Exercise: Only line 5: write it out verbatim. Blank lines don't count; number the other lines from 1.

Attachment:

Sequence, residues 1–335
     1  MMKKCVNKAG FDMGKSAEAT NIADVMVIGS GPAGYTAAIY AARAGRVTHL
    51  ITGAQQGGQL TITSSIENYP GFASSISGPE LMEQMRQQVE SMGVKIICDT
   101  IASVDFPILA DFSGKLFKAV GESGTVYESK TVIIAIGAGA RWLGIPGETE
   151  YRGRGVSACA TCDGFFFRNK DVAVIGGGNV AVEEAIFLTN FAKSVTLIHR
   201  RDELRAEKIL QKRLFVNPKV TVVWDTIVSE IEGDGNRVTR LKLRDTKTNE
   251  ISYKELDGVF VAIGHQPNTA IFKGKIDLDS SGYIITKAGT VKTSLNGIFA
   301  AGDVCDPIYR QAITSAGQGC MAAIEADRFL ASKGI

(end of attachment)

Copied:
   151  YRGRGVSACA TCDGFFFRNK DVAVIGGGNV AVEEAIFLTN FAKSVTLIHR